This specific ISBN edition is currently not available.View all copies of this ISBN edition:
Game theory has revolutionized the study of animal behavior. The fundamental principle of evolutionary game theory--that the strategy adopted by one individual depends on the strategies exhibited by others--has proven a powerful tool in uncovering the forces shaping otherwise mysterious behaviors. In this volume, the first since 1982 devoted to evolutionary game theory, leading researchers describe applications of the theory to diverse types of behavior, providing an overview of recent discoveries and a synthesis of current research. The volume begins with a clear introduction to game theory and its explanatory scope. This is followed by a series of chapters on the use of game theory to understand a range of behaviors: social foraging, cooperation, animal contests, communication, reproductive skew and nepotism within groups, sibling rivalry, alternative life-histories, habitat selection, trophic-level interactions, learning, and human social behavior. In addition, the volume includes a discussion of the relations among game theory, optimality, and quantitative genetics, and an assessment of the overall utility of game theory to the study of social behavior. Presented in a manner accessible to anyone interested in animal behavior but not necessarily trained in the mathematics of game theory, the book is intended for a wide audience of undergraduates, graduate students, and professional biologists pursuing the evolutionary analysis of animal behavior.
"synopsis" may belong to another edition of this title.
Lee Alan Dugatkin, Assistant Professor of Biology, University of Louisville. Hudson Kern Reeve, Assistant Professor Biology, Cornell University.Review:
"Describes many interesting examples of animal behaviour, including games between foraging producers and scroungers, reciprocal grooming in impala, territorial defence by birds and spiders, animal communication, parent-offspring conflict, and colony founding by ants. There are many accounts of
experimental tests of game theory models, along with clear discussions of the limitations of the game theory approach. The quality of writing (often a problem in edited volumes) is uniformly good. The chapter by R. Gomulkiewicz is especially important, because it connects game theory, other
optimization methods, and quantitative genetics with a focus on an empirical strategy for detecting adaptation and constraint." --Nature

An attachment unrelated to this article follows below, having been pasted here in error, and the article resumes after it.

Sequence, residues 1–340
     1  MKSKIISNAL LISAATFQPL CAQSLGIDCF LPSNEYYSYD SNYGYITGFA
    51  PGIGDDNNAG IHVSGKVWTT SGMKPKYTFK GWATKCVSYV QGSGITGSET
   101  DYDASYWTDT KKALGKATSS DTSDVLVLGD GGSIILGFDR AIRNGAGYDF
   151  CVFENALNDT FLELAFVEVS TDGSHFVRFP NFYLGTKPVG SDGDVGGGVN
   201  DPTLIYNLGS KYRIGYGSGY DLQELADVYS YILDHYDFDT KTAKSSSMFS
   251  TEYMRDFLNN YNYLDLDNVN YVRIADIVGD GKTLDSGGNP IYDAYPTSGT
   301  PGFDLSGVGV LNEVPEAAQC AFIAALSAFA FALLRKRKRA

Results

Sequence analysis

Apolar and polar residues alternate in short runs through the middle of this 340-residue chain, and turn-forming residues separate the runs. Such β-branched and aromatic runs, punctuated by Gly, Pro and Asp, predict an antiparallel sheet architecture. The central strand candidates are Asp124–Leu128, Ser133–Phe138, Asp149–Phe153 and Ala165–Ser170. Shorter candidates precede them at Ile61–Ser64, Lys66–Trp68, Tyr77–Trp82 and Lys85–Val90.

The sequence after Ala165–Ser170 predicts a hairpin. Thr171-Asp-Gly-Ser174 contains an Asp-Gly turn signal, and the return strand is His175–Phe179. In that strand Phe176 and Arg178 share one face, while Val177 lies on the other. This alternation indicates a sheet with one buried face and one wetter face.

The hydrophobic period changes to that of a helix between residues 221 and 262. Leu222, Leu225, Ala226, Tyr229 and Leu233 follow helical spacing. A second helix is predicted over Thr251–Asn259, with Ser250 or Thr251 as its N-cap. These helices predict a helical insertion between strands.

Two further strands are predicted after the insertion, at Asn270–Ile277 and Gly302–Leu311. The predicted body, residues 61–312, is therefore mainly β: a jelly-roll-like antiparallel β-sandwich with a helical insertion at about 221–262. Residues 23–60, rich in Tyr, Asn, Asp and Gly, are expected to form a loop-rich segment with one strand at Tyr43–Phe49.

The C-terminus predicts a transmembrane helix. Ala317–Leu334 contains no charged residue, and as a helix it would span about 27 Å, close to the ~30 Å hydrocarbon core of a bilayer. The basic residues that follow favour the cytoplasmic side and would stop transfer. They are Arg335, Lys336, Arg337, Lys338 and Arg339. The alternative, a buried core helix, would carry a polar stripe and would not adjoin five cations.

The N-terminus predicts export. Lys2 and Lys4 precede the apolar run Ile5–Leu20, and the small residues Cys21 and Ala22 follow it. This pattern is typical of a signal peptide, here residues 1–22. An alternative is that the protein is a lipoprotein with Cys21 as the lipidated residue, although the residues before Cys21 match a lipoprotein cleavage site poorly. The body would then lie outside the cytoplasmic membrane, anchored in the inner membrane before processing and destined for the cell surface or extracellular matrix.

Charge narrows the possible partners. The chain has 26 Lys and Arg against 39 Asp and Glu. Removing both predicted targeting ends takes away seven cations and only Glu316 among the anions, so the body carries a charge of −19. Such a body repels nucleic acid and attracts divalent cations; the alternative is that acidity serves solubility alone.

"The book is a worthwhile addition to graduate collections and some undergraduate collections emphasizing behavioral ecology, as most chapters are sufficiently general to be of use for a longer time than the typical symposium volume."--Choice
"The liaison between game theory and evolutionary ecology has become a serious and intimate affair during the past few years. . . . Game Theory and Animal Behaviour is an edited volume loosely based on talks covering a diverse set of subjects that were presented by the authors at the 1995
symposium of the National Animal Behavior Society, USA. The scope of the book is accordingly wide: the topics range from pure theory aimed at a concise summary of the basics of game theory and a review of the links between the models of game theory, evolutionary optimality theory and quantitative
genetics, to game theory applied to hypothetical or actual animal conflicts in social foraging (among other topics), and a verbal consideration of the applicability of game theory to important aspects of human behaviour such as social norms. The common framework for the selection of papers is
classic evolutionary game theory . . ."--TREE
"The chapters of this outstanding, timely and wide-ranging survey repeatedly refute the criticism that there hasn't been enough empirical testing of game theory. The book is a natural for graduate seminars, but judging from the response I've seen, the students are already reading it. The
domain of "game theory" has grown wider, and while sticking close to bread-and-butter issues, these chapters stretch quite comfortably out to tritrophic level interactions and human cultural evolution. The dominant topic is the social playing field of cooperation and conflict. The great upheaval in
evolutionary theory during the last half-century has been the exploration of organismal interactions and such related problems as levels of selection and coevolution. Progress has been monumental and permanent, the social sciences have a new foundation, and my hat is off to those who achieved it,
including those represented in this fine book." - Scott Gleeson, New Biological Books, December 1999
"About this title" may belong to another edition of this title.
Book Description Oxford University Press, 1998. Hardcover. Condition: New. Never used!. Seller Inventory # P110195096924
Book Description Oxford University Press, 1998. Condition: New. book. Seller Inventory # M0195096924